Problems found in contracted work
Josh Dulaney, Staff Writer
Posted: 07/06/2011 05:45:42 PM PDT
SAN BERNARDINO – Officials disagree over whether efforts to attract a commercial airline to the former Norton Air Force Base will be harmed by a report that raises questions about work to makeover the site.
The annual report by the San Bernardino County Grand Jury questions how the San Bernardino International Airport has handled its finances and doles out developer contracts, as well as how it conducts construction management.
“If we don’t address the concerns that are in the Grand Jury report we will have some serious trouble,” said Josie Gonzales, chairwoman for the county Board of Supervisors, and member of the San Bernardino International Airport Authority board.
The civil Grand Jury commissioned a consultant’s audit of the airport after it received complaints two years ago of irregularities occurring there.
The audit found several contracts entered into with Scot Spencer, a convicted felon who has served time in federal prison for bankruptcy fraud and has been banned from the aviation industry; a fast-tracked terminal construction project based solely on a developer’s projections; and that Executive Director Don Rogers is a founding partner of an accounting firm hired to conduct the airport’s audits.
Gonzales said the report gives airport officials an opportunity for an open discussion and presentation of the facts.
That may have already started, as Gonzales said she has spoken with Rogers and Mayor Pat Morris, who is the board president, about addressing whether Spencer is an asset to the project in light of his felony record.
She said legal opinion should be sought in the matter because Spencer’s background is frequently brought up among questions surrounding work at the airport.
“I think we need to settle this once and for all,” Gonzales said.
The SBIAA, a joint powers authority composed of the county of San Bernardino and the cities of San Bernardino, Colton, Loma Linda and Highland, is charged with redeveloping the aviation portion of the former air base.
The air base was closed in 1994 and converted to civilian and commercial use.
“I truly believe the airport is a worthwhile goal and is going to benefit our community and already has,” said Ovidiu Popescu, mayor pro tempore of Loma Linda, and a board member.
Popescu doesn’t think the Grand Jury report will hamper efforts to bring in a commercial airline, saying there will always be critics of the airport, just as there are critics of L.A./Ontario International Airport.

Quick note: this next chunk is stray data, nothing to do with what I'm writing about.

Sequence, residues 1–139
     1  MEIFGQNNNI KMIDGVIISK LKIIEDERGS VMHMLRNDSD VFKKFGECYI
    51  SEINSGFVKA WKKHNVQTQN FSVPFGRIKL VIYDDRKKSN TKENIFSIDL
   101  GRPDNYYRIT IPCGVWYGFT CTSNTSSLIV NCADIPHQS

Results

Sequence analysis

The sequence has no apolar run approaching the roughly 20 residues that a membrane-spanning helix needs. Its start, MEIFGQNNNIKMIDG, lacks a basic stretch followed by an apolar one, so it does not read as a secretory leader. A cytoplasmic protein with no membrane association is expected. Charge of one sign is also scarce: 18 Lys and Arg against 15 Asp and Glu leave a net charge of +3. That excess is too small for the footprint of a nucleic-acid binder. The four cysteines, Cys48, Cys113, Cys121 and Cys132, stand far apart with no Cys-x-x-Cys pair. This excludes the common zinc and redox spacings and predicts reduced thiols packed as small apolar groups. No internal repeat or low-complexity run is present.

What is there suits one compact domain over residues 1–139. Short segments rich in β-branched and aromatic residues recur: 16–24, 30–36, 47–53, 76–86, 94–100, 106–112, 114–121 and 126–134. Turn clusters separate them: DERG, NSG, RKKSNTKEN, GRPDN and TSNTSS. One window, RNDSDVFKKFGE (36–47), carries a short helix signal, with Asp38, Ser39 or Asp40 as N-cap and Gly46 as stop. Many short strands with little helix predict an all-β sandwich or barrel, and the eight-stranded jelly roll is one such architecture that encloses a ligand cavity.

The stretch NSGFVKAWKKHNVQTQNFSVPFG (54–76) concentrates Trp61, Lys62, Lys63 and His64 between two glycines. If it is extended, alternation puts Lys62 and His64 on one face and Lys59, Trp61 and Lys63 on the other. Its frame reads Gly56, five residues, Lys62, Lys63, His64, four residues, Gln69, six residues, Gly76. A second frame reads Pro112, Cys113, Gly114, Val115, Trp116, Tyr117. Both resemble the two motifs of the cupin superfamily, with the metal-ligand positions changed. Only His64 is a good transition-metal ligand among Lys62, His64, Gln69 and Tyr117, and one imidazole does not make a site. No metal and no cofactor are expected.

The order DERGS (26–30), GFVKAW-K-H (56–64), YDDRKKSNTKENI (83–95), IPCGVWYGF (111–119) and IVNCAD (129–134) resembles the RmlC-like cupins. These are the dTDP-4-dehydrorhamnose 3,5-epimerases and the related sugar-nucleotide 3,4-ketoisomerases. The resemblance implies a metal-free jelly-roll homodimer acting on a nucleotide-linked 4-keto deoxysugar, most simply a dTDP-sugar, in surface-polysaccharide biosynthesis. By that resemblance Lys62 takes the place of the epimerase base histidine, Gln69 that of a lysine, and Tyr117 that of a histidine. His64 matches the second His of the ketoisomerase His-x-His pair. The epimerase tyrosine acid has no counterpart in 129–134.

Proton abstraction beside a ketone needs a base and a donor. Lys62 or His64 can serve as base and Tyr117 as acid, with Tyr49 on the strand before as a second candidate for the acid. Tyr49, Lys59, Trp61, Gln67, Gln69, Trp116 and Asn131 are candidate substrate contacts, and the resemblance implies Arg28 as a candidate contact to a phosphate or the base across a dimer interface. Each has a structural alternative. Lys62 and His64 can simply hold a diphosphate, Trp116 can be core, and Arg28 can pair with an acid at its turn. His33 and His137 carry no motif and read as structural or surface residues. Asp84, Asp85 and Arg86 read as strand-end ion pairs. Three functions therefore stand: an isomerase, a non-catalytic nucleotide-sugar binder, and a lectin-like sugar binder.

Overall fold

“They are more concerned that we have a well-run operation, and from everything I’ve seen, we do,” Popescu said. “I think an airline is going to make a decision based on whether they can be profitable, and I think they can be.”
In a letter to the Grand Jury, Rogers said officials with the SBIAA and the Inland Valley Development Agency, which oversees redevelopment for the non-aviation portion of the former air base, “look forward to thoroughly reviewing the consultant’s report and correcting the significant factual errors contained in the report.”
Rogers said that the report was wrong about leases allegedly never executed and dates and terms of crucial agreements, and was wrong about particular legal interpretations.
The IVDA is helping finance airport improvements through its share of property taxes generated by businesses in its territory.
Those businesses include Stater Bros. Markets headquarters and distribution centers for Kohl’s, Mattel and Pep Boys. As for capital investments, the airport has invested tens of millions into new concrete, a U.S. Customs and Border Protection facility, and a new terminal.
The audit found that between January 2006 and January 2011, the cost of the terminal project grew from $22 million to more than $100 million, with costs still rising.
Popescu said the rising costs were partly because of new regulations imposed by the Transportation Security Administration and the Federal Aviation Administration.
He said when it comes to the terminal project, he trusts the advice of Bill Ingraham, aviation director for the airport, and Mike Burrows, the IVDA’s assistant director, rather than the second-guessing of the Grand Jury.
“We get our direction from professional airport people,” Popescu said.
In that regard, Ingraham didn’t seem concerned about the Grand Jury report causing commercial airlines to shy away from San Bernardino.
“I don’t see anything in this report that would hurt us as far as air service,” he said.
Popescu said the airport is building a “top-notch” facility and is confident that a commercial airline will someday fly out of the city.
He also pointed to Boeing Co. conducting test flights, and Texas-based Million Air, a terminal and fueling service for those who fly aboard private planes, as evidence that work at the airport has been fruitful.
“From our perspective as a city, we believe the airport is a worthwhile goal and we continue to support it,” Popescu said.
Gonzales said rising costs at the airport have been incurred only to make necessary improvements.
“We spent the money and there are very solid assets that have been added to the airport footprint that validate the airport expense,” she said.
In regards to Rogers’ involvement in airport audits, Gonzales said his help was welcomed, but there should have been requests for proposals from other firms to see if they could “come along and do a better job.”
“That is a serious concern and it has to be addressed,” Gonzales said.
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